The genesis of ‘Rogue One,’ the first ‘Star Wars’ you might not want to take your kid to
Walt Disney Co.’s “Rogue One: A Star Wars Story” premiered at the Pantages Theater in Hollywood on Dec. 10. The film could gross $300 million worldwide over its opening weekend.
For nearly 40 years, the “Star Wars” franchise has been targeted at all ages, from the youngest padawans to the most grizzled Jedi masters. Speaking to The Times in 1977, shortly before the release of “A New Hope,” George Lucas said he thought of the film — which was initially rated G until its studio backers asked for a less kiddie-sounding PG — as “a movie Disney would have made when Walt Disney was alive,” sagely predicting, “If I make money, it will be from the toys.”
The latest installment in the franchise, “Rogue One: A Star Wars Story,” which hits theaters Dec. 16, is something a bit different. As the title suggests, it’s gone slightly rogue.
The story of a secret Rebel mission to steal the plans to the Empire’s Death Star, “Rogue One” is the first film in the franchise that truly leans into the “wars” in “Star Wars,” featuring a kind of visceral violence, un-glossy naturalism and moral complexity unlike anything ever seen before in Lucas’ space opera. The film carries the same PG-13 rating as last year’s “The Force Awakens,” but you’d have to reach back to 1980’s “The Empire Strikes Back” to find a “Star Wars” movie this darkly hued.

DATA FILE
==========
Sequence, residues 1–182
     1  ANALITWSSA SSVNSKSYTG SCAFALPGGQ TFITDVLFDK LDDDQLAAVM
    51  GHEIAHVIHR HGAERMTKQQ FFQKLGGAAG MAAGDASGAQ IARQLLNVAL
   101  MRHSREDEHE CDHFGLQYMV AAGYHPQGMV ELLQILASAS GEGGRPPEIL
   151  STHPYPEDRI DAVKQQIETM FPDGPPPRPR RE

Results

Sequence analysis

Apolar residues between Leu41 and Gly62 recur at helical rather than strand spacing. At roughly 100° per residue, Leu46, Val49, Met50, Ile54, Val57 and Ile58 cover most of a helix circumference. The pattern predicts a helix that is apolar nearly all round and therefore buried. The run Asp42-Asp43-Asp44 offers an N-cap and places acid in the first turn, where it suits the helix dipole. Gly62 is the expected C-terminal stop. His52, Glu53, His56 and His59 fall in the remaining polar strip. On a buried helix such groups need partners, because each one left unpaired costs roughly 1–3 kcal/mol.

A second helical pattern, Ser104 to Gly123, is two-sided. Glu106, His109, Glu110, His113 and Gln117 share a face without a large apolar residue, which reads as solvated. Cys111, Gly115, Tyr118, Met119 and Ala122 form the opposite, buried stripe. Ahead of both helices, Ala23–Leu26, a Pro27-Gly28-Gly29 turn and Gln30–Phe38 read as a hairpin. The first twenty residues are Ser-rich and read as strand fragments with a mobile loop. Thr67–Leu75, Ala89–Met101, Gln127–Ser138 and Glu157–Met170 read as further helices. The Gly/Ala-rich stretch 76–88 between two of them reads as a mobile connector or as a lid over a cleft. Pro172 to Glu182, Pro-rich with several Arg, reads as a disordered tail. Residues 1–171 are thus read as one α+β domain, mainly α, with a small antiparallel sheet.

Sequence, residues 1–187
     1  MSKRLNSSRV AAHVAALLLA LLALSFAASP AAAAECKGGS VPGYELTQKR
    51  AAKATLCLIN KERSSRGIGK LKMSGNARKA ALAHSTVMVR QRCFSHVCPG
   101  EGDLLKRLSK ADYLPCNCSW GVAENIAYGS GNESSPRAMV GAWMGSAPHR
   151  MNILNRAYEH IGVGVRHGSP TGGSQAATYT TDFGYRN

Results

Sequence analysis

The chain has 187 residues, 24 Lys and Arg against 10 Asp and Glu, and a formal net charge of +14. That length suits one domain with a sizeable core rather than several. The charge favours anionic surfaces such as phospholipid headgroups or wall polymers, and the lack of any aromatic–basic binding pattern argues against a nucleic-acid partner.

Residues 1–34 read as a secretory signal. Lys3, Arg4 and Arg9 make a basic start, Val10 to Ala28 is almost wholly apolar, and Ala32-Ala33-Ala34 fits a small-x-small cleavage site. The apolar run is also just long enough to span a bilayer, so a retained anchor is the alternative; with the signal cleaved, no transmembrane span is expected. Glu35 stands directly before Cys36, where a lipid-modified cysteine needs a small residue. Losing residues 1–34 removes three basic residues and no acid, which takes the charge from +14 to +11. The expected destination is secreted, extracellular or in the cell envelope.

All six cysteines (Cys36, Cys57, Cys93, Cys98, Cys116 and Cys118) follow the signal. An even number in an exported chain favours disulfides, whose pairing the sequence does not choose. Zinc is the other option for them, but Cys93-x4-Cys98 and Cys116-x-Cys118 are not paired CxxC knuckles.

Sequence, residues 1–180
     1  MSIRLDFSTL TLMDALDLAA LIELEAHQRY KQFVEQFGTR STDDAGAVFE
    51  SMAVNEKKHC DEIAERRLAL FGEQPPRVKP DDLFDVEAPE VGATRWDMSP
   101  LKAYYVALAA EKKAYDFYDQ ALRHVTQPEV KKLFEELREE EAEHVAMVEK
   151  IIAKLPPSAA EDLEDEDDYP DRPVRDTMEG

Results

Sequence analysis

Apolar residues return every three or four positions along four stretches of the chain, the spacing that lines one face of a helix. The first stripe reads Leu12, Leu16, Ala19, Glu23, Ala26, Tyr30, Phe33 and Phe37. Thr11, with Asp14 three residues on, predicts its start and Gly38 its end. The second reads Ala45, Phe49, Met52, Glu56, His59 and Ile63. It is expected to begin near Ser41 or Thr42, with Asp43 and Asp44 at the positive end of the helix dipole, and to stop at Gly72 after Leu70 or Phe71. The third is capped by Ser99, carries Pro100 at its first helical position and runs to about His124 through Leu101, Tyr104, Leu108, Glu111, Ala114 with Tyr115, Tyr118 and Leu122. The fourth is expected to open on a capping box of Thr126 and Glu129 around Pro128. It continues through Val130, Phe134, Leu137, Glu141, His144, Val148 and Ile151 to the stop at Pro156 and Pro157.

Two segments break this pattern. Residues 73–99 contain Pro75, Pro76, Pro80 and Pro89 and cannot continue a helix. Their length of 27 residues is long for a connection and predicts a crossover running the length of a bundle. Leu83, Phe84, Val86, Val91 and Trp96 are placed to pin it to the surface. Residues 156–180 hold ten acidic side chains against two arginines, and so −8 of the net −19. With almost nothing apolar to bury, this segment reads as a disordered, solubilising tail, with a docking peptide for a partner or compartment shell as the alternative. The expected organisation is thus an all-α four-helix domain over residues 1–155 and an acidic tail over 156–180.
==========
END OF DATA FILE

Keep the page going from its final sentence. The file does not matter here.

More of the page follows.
“We pushed it,” director Gareth Edwards said of the film’s grittiness and intensity. “We pushed it all the way to the edge, probably went off the edge a little bit and then came back.”
Make no mistake — an army of Stormtroopers couldn’t keep kids away from “Rogue One.” And odds are most will love it and drag their parents directly to the nearest toy store to stock up on action figures and miniature space ships.